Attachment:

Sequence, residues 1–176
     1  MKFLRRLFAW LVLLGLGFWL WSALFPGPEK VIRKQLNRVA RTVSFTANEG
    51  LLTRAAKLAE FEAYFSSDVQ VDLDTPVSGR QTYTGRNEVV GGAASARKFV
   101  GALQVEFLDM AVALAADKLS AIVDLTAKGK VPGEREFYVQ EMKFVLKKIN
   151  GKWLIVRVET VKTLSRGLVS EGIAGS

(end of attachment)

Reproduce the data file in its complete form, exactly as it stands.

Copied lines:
Sequence, residues 1–176
     1  MKFLRRLFAW LVLLGLGFWL WSALFPGPEK VIRKQLNRVA RTVSFTANEG
    51  LLTRAAKLAE FEAYFSSDVQ VDLDTPVSGR QTYTGRNEVV GGAASARKFV
   101  GALQVEFLDM AVALAADKLS AIVDLTAKGK VPGEREFYVQ EMKFVLKKIN
   151  GKWLIVRVET VKTLSRGLVS EGIAGS